But Goodwin’s speed wasn’t the only speed that had a major effect on the game. The Longhorn offense went up-tempo through the second half and wore down the Beavers late.
“We probably were on the field too much . . .” said Oregon State coach Mike Riley. “We didn’t sustain enough, didn’t get enough first downs to give our defense a chance.”
That was the result of a freshly dialed-in Texas defense, which gave up 228 yards and 20 points in the first half. Beavers running back Storm Woods — in a homecoming of sorts — rushed for 98 yards on 15 carries and a touchdown. In all, the Pflugerville native combined with fellow running back Terron Ward and receivers Markus Wheaton and Brandin Cooks to gash the Longhorns for 151 yards in the first half.
“The first half, we felt like we played great sound football,” Woods said. “And the second half felt like Texas just made some adjustments and they came out and they just . . . I guess they wanted it more or something.”
Texas defensive coordinator Manny Diaz said afterward that the Texas defense had a decision to make at halftime.
“To me, it was whether they wanted to fight their way out of it or sort of accept their fate,” Diaz said. “I’m so proud of the way that they fought, the way that they battled in the second half.”
Buoyed by the tremendous pass rush from Defensive MVP Alex Okafor, Texas rattled junior Cody Vaz and shut down the running lanes that were so easily accessible in the first half. Vaz entered the game with an 11-to-1 touchdown-to-interception ratio, but he finished 15 of 28 for 194 yards and no touchdowns to two picks. More impressively, he was sacked 10 times, with Okafor’s Alamo Bowl-record 4.5 sacks providing the primary damage. Woods ran six times for 20 yards in the second half, as the Beavers had just 69 total second-half yards.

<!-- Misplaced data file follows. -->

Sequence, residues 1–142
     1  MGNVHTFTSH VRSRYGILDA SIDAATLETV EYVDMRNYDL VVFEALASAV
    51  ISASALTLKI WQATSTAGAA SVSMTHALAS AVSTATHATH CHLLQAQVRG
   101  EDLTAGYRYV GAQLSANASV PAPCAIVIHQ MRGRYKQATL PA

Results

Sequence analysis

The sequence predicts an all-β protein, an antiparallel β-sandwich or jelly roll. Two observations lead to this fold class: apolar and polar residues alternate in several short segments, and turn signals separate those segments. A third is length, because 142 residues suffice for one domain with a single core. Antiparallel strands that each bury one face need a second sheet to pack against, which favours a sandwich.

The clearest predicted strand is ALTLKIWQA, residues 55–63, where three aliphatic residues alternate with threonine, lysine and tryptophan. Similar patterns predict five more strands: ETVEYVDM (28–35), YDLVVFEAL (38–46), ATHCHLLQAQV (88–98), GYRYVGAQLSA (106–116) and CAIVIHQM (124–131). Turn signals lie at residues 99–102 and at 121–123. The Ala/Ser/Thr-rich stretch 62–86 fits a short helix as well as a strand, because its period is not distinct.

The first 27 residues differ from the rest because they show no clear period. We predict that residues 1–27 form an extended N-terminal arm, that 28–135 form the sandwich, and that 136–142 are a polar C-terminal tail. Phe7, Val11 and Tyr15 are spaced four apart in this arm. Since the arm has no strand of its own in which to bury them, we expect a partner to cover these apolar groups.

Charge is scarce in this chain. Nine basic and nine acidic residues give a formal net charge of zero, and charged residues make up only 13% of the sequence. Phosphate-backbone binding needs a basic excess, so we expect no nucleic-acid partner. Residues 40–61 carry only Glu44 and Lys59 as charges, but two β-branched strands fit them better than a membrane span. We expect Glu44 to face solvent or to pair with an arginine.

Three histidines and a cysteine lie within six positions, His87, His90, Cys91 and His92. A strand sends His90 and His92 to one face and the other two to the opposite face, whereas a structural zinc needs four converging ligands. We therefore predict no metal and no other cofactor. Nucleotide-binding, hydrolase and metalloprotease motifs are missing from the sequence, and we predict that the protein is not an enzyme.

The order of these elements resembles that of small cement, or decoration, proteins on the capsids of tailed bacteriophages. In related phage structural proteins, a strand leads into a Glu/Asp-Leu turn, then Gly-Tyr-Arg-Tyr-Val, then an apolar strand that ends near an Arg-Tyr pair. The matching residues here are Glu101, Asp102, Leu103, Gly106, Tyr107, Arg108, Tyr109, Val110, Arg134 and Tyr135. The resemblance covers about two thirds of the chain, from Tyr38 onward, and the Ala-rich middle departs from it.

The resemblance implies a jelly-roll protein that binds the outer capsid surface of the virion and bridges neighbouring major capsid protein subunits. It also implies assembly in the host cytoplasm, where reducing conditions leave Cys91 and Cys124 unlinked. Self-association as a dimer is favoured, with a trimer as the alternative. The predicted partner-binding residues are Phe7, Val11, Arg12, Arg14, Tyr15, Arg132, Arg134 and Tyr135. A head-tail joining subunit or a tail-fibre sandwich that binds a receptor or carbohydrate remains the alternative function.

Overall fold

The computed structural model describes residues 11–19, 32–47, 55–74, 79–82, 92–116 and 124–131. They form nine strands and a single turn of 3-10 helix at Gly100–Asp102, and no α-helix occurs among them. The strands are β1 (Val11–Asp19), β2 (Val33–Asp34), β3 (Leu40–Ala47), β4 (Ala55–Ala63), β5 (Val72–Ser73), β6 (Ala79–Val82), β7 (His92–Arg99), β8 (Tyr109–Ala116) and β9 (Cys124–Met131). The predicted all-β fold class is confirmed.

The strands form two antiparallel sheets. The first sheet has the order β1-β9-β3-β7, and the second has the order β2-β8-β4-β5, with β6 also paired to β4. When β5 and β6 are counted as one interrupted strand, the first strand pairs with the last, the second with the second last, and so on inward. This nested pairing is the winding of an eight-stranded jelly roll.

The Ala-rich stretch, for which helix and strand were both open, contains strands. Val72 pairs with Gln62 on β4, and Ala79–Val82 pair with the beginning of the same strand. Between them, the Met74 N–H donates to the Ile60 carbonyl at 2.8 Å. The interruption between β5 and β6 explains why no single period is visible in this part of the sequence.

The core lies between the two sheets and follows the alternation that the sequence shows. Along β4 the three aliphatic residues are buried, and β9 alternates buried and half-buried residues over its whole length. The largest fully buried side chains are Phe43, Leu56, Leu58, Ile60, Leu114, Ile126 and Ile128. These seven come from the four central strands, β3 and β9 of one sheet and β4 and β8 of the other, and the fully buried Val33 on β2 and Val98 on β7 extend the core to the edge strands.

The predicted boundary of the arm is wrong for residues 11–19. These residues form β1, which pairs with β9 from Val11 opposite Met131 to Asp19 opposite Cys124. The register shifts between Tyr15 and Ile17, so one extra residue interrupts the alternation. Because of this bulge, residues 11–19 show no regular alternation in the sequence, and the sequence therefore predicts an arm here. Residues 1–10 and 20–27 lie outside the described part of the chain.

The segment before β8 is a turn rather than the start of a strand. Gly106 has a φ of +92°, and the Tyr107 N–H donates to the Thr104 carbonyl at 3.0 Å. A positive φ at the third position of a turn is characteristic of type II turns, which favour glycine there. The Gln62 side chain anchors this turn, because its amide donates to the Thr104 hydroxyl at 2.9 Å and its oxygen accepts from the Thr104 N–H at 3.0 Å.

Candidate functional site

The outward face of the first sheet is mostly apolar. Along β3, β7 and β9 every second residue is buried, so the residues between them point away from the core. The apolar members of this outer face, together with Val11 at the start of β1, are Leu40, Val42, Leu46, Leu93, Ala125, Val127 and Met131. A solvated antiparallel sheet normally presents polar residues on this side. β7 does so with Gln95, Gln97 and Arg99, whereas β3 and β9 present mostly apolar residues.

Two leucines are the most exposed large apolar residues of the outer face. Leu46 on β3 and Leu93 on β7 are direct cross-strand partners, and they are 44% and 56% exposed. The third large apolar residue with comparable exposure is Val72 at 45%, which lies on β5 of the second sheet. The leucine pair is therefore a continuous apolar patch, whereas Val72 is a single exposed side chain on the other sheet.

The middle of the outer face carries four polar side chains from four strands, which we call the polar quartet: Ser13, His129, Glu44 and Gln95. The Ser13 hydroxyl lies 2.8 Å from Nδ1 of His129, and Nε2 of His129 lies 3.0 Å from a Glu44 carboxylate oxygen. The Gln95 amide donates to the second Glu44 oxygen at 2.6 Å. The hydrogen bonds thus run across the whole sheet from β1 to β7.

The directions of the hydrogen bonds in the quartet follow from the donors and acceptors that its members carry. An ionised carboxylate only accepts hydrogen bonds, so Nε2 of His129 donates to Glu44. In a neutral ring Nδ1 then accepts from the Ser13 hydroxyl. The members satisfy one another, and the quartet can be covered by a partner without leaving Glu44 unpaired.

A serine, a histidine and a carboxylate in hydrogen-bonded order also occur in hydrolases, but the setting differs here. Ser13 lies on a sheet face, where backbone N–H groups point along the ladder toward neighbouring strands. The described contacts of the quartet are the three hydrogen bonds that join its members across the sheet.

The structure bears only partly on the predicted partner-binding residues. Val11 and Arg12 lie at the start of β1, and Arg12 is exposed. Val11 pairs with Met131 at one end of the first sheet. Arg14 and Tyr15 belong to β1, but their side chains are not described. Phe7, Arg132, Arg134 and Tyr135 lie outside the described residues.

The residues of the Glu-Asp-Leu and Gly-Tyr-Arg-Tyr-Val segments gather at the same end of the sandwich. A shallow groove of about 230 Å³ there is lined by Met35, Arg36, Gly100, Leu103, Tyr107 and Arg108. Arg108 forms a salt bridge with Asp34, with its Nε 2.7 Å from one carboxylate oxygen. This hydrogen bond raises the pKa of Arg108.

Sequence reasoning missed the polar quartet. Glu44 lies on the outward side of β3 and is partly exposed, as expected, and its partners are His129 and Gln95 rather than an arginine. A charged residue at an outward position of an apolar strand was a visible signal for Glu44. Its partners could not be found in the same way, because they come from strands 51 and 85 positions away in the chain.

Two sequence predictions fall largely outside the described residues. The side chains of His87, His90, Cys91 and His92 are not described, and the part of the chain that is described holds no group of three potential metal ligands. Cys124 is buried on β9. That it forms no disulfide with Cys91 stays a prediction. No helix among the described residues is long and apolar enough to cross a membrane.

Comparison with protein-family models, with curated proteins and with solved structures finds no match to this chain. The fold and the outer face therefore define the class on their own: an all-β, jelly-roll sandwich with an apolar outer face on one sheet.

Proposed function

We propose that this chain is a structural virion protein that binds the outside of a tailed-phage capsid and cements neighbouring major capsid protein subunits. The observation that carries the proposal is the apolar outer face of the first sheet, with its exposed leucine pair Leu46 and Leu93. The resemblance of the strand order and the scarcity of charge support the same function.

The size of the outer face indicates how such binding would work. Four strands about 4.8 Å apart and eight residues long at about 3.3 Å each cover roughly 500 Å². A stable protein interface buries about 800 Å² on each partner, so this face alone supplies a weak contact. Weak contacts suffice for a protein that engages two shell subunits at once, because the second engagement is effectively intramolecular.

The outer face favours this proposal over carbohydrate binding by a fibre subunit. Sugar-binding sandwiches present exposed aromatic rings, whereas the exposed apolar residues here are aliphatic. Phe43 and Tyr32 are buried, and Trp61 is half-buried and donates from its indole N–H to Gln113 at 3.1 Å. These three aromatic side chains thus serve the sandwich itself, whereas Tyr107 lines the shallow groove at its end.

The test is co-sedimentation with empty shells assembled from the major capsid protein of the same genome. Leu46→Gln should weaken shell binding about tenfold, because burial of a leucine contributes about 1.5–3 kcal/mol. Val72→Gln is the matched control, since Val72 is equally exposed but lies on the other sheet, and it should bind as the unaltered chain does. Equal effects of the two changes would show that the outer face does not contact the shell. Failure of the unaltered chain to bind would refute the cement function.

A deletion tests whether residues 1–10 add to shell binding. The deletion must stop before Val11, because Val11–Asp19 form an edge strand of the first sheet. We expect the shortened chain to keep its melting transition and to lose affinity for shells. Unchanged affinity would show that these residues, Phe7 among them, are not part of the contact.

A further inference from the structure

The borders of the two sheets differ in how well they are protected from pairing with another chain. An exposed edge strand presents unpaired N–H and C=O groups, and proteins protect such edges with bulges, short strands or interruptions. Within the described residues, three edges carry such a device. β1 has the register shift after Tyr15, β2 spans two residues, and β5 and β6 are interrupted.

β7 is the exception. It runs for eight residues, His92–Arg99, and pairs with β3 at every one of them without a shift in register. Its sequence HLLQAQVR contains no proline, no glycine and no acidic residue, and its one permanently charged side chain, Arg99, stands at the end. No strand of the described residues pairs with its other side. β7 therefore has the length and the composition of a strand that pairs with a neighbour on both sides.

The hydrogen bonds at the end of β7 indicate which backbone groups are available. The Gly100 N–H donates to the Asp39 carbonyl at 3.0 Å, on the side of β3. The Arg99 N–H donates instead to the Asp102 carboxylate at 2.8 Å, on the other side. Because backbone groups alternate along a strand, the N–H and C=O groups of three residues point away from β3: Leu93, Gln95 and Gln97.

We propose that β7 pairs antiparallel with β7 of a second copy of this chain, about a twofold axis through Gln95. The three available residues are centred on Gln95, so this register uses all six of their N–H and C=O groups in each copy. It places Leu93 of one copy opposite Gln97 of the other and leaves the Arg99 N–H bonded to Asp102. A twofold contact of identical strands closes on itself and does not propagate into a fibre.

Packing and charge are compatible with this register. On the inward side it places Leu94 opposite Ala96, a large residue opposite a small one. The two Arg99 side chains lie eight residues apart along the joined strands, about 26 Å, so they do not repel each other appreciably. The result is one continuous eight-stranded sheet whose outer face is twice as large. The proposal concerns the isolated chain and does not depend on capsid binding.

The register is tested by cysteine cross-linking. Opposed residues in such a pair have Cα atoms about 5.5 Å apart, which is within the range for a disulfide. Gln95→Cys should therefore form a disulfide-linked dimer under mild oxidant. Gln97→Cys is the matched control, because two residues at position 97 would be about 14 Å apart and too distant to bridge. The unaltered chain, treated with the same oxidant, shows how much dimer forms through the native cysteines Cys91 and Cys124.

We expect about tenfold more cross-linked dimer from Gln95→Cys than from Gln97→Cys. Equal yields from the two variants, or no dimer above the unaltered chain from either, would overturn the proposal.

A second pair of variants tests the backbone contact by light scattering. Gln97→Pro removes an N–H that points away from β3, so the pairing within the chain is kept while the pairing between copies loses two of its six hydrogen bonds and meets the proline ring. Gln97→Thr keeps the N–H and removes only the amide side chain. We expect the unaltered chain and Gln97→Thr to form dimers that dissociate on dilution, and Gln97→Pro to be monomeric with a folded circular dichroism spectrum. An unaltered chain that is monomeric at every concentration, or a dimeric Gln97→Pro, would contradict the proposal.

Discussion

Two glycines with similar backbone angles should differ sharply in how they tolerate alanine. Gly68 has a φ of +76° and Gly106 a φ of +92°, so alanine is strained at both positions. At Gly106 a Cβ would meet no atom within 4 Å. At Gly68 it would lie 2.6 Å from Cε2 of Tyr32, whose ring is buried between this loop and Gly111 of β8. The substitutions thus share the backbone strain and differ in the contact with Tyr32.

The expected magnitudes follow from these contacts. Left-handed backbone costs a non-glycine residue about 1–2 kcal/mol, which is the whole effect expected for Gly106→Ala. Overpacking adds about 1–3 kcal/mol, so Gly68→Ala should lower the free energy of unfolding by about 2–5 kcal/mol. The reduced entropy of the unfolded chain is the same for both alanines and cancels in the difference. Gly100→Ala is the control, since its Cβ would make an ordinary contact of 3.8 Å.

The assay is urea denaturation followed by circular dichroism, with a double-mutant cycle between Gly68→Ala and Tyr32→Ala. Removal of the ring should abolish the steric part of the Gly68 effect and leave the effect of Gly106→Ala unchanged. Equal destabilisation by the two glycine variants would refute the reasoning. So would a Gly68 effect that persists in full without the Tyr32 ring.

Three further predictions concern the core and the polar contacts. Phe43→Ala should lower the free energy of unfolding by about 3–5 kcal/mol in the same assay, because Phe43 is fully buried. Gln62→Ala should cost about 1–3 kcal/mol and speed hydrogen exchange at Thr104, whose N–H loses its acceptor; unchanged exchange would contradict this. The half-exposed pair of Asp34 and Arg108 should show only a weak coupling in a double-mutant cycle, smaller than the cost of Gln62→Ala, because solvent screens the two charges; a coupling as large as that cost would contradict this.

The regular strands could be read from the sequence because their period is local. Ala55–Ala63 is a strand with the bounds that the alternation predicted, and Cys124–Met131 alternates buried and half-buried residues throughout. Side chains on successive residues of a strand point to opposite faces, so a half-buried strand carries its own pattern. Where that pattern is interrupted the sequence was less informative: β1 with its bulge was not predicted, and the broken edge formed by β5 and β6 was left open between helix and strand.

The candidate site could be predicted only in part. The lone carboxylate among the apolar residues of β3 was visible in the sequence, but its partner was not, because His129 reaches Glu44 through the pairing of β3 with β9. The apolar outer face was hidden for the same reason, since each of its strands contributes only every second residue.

And when it came down to the end, after the Longhorns took the lead, the defense closed things out. On third-and-8, Okafor made the last of his sacks in bullying his way to tackle Vaz. And on fourth-and-14, linebacker Kendall Thompson pulled Vaz to the turf to end any hope of a Beaver rally.
“It’s always great to end the season on a good note,” said Okafor, who ended his senior season with 12.5 sacks. “We’re going to use this game as a stepping stone, and Coach Diaz just talked about that we have to demand more from ourselves. That was kind of the mindset going into this game, and that’s what we did.”
For the second consecutive year, Texas ended with a victory, and the Longhorns finished 9-4. Oregon State, which entered the postseason with a 9-3 mark, finished with an identical record.
Walters said that momentum gained from that play, and the ensuing win, could also be applied on a more macro scale. The Longhorns won at least 10 games per season in Brown’s first 12 seasons, but have failed to hit that standard in the three seasons since. Now, Texas is looking to morph the season-ending victory into a strong offseason and, eventually, a comeback of another kind — the restoration of the Texas program as a whole.
“That’s big. We experienced it last year and obviously . . . if you look at it at the end of the year, and we judge wins and losses, we’ve improved from where we were last year.
“However, this is not where we want to end up,” Walters said. “This isn’t going to be good enough. I wouldn’t accept 9-4 next year. I wouldn’t take that deal right now. We’re just going to have to ride it. I know I’ve already talked to a lot of guys that are going to be on the team next year, we’re excited to get back to work and get back together with everybody and get back on the grind.”